Wednesday, March 2, 2011

Soft Touch

I'm a soft touch, or at least that's what my dad always calls me. He watches me with Michael and sees how quickly I am to respond to Michael's tears. I don't think my dad is necessarily saying it as a compliment, but since I get it from him, I take it that way.

I'm pretty sure that I do cater to Michael's needs a little too much. I try not to hover because Michael does need to learn to make his way in the world, but I want him to know that I am there if he needs me. I mean, he is only 4.75. It's a hard balance to find, and if I err on the side of hovering, well, I'm a mom, what can I say?

I've mentioned before that both Andy and I go to work very early every day. So early that we actually had to switch out schedules to a later start time when Michael started daycare because they don't open until 6:30. (Slackers) I've got it timed so that we dance to the last song of Wow Wow Wubzy, then head out the door. We normally get to school by about 6:35. Typically, Michael is the first or second child to arrive in the morning. When we get there, we take his stuff to his room, then come down to the 2 year old room where all the children go until their teachers get there. I always take some kind of dry breakfast for him and place it on the table in case he gets hungry.

This morning there were already five children in the room when we got there. Michael was very hesitant when he entered the room and saw all of them. He seemed very uncomfortable with the change in routine. Trying to keep things normal, I placed his pop tart on the table for him. However, there was a child sitting in his normal spot, so I had to put the pop tart at another spot. I walked back to him, hugged him and tried to leave. He hugged me and wouldn't let me go. It tried extracting myself a few times, but he wouldn't let go.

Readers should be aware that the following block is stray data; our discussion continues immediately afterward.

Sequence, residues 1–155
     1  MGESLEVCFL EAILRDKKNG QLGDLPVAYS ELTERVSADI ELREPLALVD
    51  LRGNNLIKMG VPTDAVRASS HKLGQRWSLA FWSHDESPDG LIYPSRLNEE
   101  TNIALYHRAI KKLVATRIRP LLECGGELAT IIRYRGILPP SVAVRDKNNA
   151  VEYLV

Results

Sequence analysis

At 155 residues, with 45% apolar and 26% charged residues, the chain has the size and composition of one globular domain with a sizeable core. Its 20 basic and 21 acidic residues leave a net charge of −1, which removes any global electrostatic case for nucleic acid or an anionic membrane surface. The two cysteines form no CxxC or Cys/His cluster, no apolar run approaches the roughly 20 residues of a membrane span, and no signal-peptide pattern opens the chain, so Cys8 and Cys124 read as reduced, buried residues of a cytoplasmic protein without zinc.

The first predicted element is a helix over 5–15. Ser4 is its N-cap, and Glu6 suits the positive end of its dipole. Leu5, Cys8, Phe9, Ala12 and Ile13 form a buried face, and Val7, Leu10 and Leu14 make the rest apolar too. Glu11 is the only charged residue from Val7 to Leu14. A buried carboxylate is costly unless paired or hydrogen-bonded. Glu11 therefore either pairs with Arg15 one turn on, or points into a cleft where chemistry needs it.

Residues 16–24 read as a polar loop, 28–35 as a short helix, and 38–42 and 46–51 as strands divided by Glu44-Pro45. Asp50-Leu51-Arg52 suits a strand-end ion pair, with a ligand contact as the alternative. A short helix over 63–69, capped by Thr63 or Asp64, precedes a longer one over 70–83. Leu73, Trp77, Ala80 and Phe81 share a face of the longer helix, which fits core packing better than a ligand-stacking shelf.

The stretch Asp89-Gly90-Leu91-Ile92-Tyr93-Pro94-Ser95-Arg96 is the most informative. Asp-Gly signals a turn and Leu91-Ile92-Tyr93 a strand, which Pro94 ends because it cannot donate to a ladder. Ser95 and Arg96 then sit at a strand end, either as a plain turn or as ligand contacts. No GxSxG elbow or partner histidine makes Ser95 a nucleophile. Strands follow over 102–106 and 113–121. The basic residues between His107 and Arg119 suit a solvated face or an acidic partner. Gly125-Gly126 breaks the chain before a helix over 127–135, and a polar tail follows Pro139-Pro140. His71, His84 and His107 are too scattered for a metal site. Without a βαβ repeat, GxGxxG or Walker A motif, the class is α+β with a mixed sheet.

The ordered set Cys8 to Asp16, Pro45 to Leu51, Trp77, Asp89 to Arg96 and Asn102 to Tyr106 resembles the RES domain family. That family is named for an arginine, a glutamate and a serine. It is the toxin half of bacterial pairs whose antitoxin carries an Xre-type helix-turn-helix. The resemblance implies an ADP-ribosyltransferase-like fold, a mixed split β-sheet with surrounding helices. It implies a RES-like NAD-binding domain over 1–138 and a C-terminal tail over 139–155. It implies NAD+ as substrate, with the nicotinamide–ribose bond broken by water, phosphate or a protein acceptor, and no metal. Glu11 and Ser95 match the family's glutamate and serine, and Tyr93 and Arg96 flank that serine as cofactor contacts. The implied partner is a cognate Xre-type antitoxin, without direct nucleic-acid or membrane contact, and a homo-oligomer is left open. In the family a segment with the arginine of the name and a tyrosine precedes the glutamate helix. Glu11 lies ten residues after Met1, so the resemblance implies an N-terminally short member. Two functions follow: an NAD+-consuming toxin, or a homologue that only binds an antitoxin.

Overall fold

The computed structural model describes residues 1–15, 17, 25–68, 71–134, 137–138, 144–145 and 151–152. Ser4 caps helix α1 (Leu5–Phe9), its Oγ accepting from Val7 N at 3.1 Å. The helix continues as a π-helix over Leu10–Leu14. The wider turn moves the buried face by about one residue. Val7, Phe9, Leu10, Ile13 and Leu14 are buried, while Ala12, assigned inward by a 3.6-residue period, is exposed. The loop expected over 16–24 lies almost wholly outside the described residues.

I asked him what was wrong, and he asked me to take his pop tart back up to his lunch box. I explained that he should have it downstairs in case he gets hungry. (In other words, I didn't feel like walking all the way back up to his classroom.) Nope, didn't work. He started begging. I finally realized that he was afraid that one of the other kids was going to eat his pop tart.

This is where I wonder what to do. Do I just leave and let him deal with it? Part of me thinks I should. He needs to learn how to handle this stuff on his own. Kindergarten isn't that far away. The other part of me can feel his distress and it just seems wrong to me to leave him to deal with it when I can help him so easily.

So, I proposed a compromise. I suggested that he give the pop tart to his teacher and have her take care of it for him. He seemed satisfied with this approach, and was able to see me off once his pop tart was safe and secure.

As a mom, I'm going to have to find this balance thousands of times on Michael's journey through childhood. I just hope that most of the time, I make the best decision.

As for the pop tart? I'd say there is a greater than 50% chance that after worrying about it so much he never even ate it. Because that's how we roll. Worrying about nothing.


Mel said...

That's how we roll, too. Obsessing over the small stuff.

Stacey said...

I think this is one of my tougher dilemmas as a parent. As a teacher, I generally find that people who bother to think about finding the right balance in this area have pretty great kids. If you took care of everything without thinking about it or required him to be totally independent all the time without thinking about it then that might be a bigger concern.

As for the not eating after the drama, I've so been there.

Julie said...

I like "soft touch", I am going to use that--it sounds better than "pushover", which is what my husband calls me. I really like how you handled the pop tart thing and I don't think you did it b/c you were too lazy to walk upstairs. Teaching independence while instilling confidence is a great thing.